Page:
Grace Youth Center donated as new library
St. George — The Jackson Memorial Library was just a few months from starting construction on a new building when the Lillius Gilchrest Grace Institute offered an alternative — the former youth center at 71 Main St. in Tenants Harbor.
The Grace Institute’s gift to the library, finalized July 3, is a five-year-old building on eight acres of land next to the St. George School.
Board President Margie Grace Shethar said financial constraints had forced the center's closure.
"It was a difficult decision to close the Youth Center after so much hard work by staff and board members," she said. She added that the Grace Institute has served the youth of St. George for 70 years.
"It's an incredible building, closer to the school and the town office and will be a bigger and more robust facility,” said library Director Yvonne Gloede in a news release. “We’re going to be able to do so much more for children, adults and families at this new site. With the closing of the youth center there will be an even greater need for the library to provide more programs aimed at middle school students.”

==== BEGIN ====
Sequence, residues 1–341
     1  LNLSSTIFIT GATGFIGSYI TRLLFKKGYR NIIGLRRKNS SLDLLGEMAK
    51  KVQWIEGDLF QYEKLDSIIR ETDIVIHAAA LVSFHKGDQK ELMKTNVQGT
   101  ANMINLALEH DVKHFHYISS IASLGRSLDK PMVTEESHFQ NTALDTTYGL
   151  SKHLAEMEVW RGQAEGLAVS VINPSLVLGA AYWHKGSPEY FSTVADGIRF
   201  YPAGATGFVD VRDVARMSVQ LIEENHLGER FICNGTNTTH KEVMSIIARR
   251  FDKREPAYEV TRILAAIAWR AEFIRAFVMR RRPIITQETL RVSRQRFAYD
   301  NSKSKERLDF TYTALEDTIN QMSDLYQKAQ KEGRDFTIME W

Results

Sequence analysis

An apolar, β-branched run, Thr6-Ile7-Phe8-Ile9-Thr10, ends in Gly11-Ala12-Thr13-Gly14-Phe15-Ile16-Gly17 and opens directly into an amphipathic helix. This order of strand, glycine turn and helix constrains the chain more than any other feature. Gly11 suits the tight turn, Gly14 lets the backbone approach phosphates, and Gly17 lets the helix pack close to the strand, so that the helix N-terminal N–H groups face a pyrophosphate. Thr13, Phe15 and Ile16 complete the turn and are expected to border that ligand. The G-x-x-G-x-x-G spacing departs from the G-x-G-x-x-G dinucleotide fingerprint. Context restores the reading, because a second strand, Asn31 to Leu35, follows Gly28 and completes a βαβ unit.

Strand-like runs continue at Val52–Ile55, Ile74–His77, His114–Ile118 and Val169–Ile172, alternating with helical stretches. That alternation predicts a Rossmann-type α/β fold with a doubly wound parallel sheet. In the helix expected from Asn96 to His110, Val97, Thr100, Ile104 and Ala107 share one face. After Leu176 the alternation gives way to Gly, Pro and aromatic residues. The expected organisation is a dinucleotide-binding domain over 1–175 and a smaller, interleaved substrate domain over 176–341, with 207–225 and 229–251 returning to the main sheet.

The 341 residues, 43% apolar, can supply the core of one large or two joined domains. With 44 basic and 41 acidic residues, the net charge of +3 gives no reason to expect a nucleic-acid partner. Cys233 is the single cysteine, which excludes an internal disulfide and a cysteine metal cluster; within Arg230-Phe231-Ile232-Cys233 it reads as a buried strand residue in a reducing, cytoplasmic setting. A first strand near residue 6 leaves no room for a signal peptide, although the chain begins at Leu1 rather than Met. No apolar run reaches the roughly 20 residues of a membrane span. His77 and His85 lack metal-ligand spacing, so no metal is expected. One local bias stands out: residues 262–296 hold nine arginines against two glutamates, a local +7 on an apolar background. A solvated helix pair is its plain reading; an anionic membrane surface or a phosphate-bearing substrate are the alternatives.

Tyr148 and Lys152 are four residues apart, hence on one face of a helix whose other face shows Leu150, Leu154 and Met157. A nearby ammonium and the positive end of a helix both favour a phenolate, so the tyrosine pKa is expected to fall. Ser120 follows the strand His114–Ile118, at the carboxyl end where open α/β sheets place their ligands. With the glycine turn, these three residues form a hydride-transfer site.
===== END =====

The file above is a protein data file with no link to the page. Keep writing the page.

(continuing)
The library staff will be expanded to accommodate additional programs and hours of operation.
Money donated for the new library will be used for renovation and create an endowment for building maintenance.
The current Jackson Memorial Library building was a gift to the town that housed the library for 77 years. The library board will return the gift to the town so citizens can vote on what to do with the vacant property.
The former youth center building is more than double the planned space for the new library. "It's an excellent space, plus the eight acres are gorgeous," said Jim Graf, co-chairman of the capital campaign.
The library hopes to collaborate with the town conservation committee to create nature trails on the property. "The traditional learning experiences in the library will be expanded to the outside," said Graf.
The building can function as a library and a community center, open to artists, programs and various community groups. "The possibilities are really limitless," he said.
Board President Susan Bates said she is sorry to lose the location on Main Street. "It was going to be a wonderful presence, but everybody understands the gain in terms of space and location next to the school," she said.
The board members said the closing of the youth center is unfortunate and they are committed to fill that void by providing a safe place for students.
There will be an open house July 31 from 5 to 7 p.m. for the community to see the building before renovations begin.